Advancing Republican Principles: K-12 Education Reform
WASHINGTON, D.C., November 30, 2015
No Child Left Behind was based on good intentions, but it was also based on the flawed premise that Washington knows best what students need to excel in school. The law led to the greatest federal intrusion into K-12 classrooms and failed to provide students the quality education they need to succeed in life. Instead of working with Congress to replace the law, the Obama administration has been setting national education policy through conditional waivers. Now, parents, teachers, superintendents, and state and local leaders are more frustrated than ever with the federal government micromanaging the schools in their local communities.
House Republicans have long fought to replace No Child Left Behind with a new law based on three basic principles:
After years of executive overreach and congressional inaction, Congress is finally poised to replace No Child Left Behind. Both the House and Senate passed separate bills to reform K-12 education, and a joint conference committee has approved a final proposal to improve elementary and secondary education. On behalf of students, families, teachers, school leaders, and taxpayers, this bipartisan, bicameral proposal advances all three principles supported by House Republicans.
Reducing the federal role
The secretary cannot require states to adopt Common Core, or condition receipt of funds on adoption of Common Core. Also, the secretary cannot punish states for getting out of Common Core or changing their standards in any way.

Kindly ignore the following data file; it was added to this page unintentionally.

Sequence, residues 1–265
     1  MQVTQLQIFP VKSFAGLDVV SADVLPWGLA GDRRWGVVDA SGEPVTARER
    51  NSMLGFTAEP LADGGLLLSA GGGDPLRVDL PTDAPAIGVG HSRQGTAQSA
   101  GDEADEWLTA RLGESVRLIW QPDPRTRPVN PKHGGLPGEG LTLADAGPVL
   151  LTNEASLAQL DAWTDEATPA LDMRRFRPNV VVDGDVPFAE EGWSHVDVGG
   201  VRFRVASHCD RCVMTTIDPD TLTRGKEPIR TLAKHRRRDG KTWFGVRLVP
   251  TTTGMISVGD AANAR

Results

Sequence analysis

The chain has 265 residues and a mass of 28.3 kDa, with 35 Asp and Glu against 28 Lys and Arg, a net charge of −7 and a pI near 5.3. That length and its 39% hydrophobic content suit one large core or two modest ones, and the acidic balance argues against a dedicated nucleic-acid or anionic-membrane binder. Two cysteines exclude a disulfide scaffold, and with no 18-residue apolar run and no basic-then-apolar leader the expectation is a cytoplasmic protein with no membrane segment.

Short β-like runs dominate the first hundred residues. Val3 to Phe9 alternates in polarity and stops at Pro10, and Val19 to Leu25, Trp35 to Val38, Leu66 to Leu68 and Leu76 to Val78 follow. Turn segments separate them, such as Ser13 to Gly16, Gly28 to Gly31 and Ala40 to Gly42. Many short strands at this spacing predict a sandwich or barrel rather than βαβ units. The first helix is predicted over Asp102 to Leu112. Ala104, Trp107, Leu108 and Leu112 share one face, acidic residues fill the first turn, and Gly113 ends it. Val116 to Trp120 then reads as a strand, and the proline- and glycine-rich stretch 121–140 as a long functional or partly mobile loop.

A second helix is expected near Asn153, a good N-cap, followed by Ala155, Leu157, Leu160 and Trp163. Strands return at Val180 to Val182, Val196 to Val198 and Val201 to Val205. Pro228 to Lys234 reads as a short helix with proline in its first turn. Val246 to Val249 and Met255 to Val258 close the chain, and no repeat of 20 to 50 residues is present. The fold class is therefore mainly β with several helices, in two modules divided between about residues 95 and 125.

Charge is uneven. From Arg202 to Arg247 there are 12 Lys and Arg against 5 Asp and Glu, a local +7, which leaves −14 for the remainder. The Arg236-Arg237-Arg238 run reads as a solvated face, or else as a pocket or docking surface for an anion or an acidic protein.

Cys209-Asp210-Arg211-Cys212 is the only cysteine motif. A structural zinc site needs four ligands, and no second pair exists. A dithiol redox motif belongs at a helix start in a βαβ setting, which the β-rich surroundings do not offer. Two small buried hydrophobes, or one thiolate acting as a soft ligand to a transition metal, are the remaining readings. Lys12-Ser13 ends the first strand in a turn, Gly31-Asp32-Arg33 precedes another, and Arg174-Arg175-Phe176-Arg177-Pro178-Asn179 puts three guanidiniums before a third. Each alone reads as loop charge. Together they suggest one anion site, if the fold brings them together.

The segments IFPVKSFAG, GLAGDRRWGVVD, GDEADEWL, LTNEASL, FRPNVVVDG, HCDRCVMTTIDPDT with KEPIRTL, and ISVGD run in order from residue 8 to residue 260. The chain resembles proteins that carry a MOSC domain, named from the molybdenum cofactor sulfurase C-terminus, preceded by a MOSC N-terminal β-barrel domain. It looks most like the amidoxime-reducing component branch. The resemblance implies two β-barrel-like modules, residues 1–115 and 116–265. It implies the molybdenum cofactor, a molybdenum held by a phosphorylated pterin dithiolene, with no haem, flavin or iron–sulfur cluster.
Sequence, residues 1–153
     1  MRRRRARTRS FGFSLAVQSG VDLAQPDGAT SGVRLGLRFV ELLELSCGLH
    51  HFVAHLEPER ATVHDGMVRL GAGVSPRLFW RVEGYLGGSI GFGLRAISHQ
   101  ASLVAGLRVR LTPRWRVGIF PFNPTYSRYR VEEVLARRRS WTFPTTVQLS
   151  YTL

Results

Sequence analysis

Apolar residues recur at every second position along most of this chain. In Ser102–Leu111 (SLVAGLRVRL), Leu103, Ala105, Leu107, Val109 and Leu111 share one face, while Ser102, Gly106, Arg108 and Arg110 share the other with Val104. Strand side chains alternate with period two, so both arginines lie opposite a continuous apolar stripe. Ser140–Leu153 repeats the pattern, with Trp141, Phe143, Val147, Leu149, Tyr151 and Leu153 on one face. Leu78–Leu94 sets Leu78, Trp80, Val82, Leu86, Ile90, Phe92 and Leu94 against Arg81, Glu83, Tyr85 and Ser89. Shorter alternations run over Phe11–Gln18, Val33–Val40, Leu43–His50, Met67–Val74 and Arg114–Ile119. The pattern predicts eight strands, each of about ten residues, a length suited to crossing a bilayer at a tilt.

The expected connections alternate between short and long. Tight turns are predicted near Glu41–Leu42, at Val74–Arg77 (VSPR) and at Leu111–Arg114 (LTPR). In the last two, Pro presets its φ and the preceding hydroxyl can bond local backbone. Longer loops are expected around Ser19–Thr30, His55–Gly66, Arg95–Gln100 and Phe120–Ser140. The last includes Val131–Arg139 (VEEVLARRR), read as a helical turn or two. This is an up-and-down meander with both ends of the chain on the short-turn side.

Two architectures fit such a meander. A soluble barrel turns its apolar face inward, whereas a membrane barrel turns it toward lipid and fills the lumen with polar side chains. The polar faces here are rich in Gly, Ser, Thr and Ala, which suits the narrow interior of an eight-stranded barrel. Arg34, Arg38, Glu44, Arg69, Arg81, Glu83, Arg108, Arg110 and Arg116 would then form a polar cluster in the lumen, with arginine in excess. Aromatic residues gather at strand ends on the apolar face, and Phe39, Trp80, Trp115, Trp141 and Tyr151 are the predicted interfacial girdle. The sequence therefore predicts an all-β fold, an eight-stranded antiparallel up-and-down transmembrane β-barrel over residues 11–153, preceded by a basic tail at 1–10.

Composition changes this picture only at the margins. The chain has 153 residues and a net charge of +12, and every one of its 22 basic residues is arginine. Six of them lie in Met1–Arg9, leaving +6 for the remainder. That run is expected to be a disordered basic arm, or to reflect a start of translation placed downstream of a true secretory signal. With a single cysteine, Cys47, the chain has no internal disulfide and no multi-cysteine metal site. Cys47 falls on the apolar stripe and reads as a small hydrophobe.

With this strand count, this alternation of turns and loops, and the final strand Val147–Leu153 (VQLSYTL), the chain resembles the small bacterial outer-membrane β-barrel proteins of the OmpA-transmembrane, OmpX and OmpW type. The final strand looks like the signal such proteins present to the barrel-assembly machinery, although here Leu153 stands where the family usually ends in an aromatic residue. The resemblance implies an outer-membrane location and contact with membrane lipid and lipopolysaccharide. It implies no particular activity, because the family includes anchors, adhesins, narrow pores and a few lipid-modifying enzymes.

The secretary is prohibited from adding any new requirements on states and schools not required in law. For example, the secretary cannot mandate teacher evaluations because they are not required by law.
Restoring local control
The proposal agreed to by the House and Senate conference committee will replace No Child Left Behind with new policies that reduce the federal role, restore local control, and empower parents – principles House Republicans have long championed. It’s time to move forward. If Congress fails to act:
Now is the time to reduce the federal footprint in the nation’s classrooms and give parents and state and local leaders the certainty and flexibility they need to deliver students an excellent education. Stay tuned over the next few days to learn more about how the House and Senate conference agreement on K-12 education reform will do just that.
To read the final bill, click here.
To learn more, visit republicans-edlabor.house.gov/k12education.
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